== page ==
"Bold and authoritative revisionist analysis of Kennedy's Vietnam policy, by a US Army major who teaches history at the Univ. of Maryland. What was JFK's real agenda regarding Vietnam? Newman claims that the young President planned to withdraw American forces from that war-torn country--and his case is strong. The author pictures an isolated Kennedy battling both cold war jingoism and a military- industrial lobby avid for a war that would make tens of billions of dollars. Conventional wisdom generally sees JFK's early attacks on Eisenhower's covert liaison with France regarding Vietnam as simple political expediency, and Kennedy as another adherent to the domino theory. JFK's speeches buttress that position, but Newman, working with newly declassified material, argues that these speeches were simply requisite political twistings and turnings--and that Kennedy planned to get the US out of Vietnam despite a hawkish palace clique (led by Lyndon Johnson) that fed him disinformation on this most crucial foreign-policy issue. Document by document, incident by incident, the author reveals Kennedy as stranded within his own Administration, alienated by his desire to avoid this ultimate wrong-time, wrong-place war. Newman's research culminates in two crucial National Security Action Memos. In one, authored several weeks before Kennedy's death, the President formally endorsed withdrawal from Vietnam of a thousand advisors by the end of 1963 (to be followed by complete withdrawal by the end of 1965). In the second, written six days after the assassination, LBJ reversed the withdrawal policy and planned in some detail the escalation to follow. Crucial to any reevaluation of JFK as President and statesman, this electrifying report portrays a wily, stubborn, conflicted leader who grasped realities that eluded virtually everyone else in the US establishment."

Other reading would include facts reported in William Manchester's "One Brief Shining Moment", documenting the quiet discussions JFK had with Senate Majority Leader Mike Mansfield, who JFK sent to Vietnam to help him get a more accurate understanding than his own government was giving him - resulting in Mansfield strongly telling him to exit and Kennedy assuring him he planned to, but felt the national politics required him to wait until after the 1964 election. Also, Robert McNamara's "In Retrospect", where he looks back and concludes JFK would have left Vietnam. When JFK's own Secretary of Defense has to put effort into reaching the conclusion, you sure as heck will have to do so too. Also read later books analyzing the info above.

You need to understand the cold warrior times JFK led the nation in, you need to understand the hawkishness in the administration (the same advisers who assured LBJ after Kennedy was killed that Kennedy was for the war), you need to understand the difference between Kennedy's statements which had political statements and made the policies he wanted more subtly clear.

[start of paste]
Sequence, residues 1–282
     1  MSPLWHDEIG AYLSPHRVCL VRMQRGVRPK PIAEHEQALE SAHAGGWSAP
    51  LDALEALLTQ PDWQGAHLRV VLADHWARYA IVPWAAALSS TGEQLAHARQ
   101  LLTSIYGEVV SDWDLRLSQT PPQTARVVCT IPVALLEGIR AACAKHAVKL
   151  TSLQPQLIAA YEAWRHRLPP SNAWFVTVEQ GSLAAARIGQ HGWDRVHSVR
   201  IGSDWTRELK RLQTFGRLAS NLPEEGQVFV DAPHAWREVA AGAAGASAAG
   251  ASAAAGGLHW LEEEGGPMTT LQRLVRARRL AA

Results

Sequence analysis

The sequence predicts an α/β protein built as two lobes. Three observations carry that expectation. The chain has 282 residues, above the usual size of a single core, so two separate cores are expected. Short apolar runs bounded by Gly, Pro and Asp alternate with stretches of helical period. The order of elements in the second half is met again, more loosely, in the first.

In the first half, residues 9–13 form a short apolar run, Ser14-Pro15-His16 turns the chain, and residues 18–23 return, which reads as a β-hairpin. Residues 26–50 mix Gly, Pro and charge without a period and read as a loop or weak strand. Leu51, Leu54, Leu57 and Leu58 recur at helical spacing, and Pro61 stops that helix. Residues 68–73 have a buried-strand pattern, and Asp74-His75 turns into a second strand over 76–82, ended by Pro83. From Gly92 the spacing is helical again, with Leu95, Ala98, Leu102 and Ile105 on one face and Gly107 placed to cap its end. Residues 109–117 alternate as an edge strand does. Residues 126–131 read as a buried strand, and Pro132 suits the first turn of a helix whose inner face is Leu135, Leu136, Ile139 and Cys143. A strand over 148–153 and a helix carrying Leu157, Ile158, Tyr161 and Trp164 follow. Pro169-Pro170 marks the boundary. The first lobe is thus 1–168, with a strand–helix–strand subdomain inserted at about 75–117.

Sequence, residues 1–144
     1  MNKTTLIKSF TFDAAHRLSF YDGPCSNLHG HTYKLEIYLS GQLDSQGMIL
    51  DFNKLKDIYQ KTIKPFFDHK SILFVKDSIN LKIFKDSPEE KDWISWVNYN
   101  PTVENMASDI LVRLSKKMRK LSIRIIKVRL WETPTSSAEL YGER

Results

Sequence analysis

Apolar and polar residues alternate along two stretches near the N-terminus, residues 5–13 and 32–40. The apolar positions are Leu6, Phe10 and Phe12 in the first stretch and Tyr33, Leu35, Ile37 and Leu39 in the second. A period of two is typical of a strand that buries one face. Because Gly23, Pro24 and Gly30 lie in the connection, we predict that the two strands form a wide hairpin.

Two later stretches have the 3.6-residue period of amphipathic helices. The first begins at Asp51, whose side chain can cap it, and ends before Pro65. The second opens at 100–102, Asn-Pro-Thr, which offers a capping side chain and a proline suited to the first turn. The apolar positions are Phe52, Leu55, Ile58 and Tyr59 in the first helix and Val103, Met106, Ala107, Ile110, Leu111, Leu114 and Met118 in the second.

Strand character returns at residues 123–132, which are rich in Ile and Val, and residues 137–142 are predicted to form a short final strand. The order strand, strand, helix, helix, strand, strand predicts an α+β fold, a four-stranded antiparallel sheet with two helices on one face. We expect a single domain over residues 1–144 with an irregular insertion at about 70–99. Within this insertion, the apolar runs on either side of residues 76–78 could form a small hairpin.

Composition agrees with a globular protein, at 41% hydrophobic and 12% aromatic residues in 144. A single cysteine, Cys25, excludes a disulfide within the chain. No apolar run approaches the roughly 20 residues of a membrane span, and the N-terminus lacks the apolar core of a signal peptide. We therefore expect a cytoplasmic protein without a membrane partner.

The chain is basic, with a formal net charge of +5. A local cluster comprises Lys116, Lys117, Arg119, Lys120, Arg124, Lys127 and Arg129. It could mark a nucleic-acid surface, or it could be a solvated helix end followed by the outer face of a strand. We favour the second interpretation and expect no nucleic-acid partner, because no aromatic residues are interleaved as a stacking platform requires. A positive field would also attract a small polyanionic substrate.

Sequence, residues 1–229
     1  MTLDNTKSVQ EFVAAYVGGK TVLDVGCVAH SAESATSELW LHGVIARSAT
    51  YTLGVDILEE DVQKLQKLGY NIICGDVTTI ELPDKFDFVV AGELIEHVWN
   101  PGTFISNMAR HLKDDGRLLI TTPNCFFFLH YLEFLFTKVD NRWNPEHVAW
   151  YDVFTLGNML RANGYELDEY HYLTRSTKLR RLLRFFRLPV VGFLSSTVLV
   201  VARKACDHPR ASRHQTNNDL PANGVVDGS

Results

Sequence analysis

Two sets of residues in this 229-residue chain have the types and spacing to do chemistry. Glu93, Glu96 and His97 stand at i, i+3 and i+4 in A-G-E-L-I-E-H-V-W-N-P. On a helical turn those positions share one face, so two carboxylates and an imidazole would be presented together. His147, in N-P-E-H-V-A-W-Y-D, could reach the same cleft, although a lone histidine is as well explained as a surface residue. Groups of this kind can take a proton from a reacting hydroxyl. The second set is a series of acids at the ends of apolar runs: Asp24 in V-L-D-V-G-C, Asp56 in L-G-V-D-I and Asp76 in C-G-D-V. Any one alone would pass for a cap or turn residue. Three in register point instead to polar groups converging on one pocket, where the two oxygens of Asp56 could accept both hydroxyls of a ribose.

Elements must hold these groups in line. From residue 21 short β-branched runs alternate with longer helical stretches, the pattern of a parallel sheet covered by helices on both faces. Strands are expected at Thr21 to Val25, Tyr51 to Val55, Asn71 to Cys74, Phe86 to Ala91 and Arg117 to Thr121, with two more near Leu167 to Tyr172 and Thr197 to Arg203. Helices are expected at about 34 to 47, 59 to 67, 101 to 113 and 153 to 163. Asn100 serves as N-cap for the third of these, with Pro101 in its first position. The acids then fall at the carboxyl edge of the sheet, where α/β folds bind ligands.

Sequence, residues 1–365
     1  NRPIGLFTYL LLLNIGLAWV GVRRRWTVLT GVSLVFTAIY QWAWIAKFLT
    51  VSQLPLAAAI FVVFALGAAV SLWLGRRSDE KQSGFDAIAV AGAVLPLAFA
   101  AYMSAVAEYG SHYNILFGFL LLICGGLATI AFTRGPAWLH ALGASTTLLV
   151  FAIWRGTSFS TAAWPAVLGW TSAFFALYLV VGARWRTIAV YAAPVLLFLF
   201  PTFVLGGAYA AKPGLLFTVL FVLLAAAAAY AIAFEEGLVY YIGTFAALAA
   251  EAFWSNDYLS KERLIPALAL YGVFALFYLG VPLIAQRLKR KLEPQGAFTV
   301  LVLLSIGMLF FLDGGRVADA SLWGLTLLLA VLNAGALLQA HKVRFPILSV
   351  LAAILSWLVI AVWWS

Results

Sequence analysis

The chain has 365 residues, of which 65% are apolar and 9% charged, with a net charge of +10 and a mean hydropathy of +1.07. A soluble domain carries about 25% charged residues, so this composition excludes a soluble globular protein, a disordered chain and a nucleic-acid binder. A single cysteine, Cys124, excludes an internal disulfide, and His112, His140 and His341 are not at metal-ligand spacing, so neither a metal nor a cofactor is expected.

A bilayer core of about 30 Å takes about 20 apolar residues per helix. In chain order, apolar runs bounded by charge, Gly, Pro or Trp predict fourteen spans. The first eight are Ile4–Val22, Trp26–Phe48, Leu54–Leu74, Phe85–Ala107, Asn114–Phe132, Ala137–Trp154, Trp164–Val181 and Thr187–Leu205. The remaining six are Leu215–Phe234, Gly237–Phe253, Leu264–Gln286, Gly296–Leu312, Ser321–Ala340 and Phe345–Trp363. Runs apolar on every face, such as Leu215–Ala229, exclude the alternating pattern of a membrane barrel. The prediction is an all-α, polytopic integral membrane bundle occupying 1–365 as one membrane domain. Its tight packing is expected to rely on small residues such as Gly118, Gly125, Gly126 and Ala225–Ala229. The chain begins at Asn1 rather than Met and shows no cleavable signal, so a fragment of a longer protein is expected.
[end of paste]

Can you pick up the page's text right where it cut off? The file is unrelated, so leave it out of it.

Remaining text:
For example, note how Kennedy constantly framed his pro-peace messages in hawkish terms, to suit the cold war politics. A favorite phrase was 'The Strategy of Peace', used for the title of a book of his speeches; his reference to a 'peace race' rather than an 'arms race'; when he's ask the American people to support peace, he'd put it as doing so by not being like the Soviets, to use their hatred of the communists for his purpose of peace, and you need to understand his preference for keeping his options open.

You need to understand the subtlety of his mixing politically correct messages about the 'goal' of an independant Vietnam, with his more subtle messages laying the groundwork for withdrawal - by saying he was for an independant Vietnam, he got people not to ask so much if he was being 'weak on communism', but by following it with 'but' arguments, such as 'but while we can send aid and arms, it's their war to win or lose', he was carefully preparing people - to limits of US aid to money and arms and trainig, not combat forces; that the Vietnamese might lose the war, and he did not indicate we'd escalate to stop that if it happened.

You need to understand his broader approach to the use of force for policy, to try to understand his views on Vietnam, and you need to wade through a lot of misleading things since he was not being exactly candid with the public or even most of his own advisers as he found himself at times alone in his position.

Rather than get the signin working, this is written by Craig234.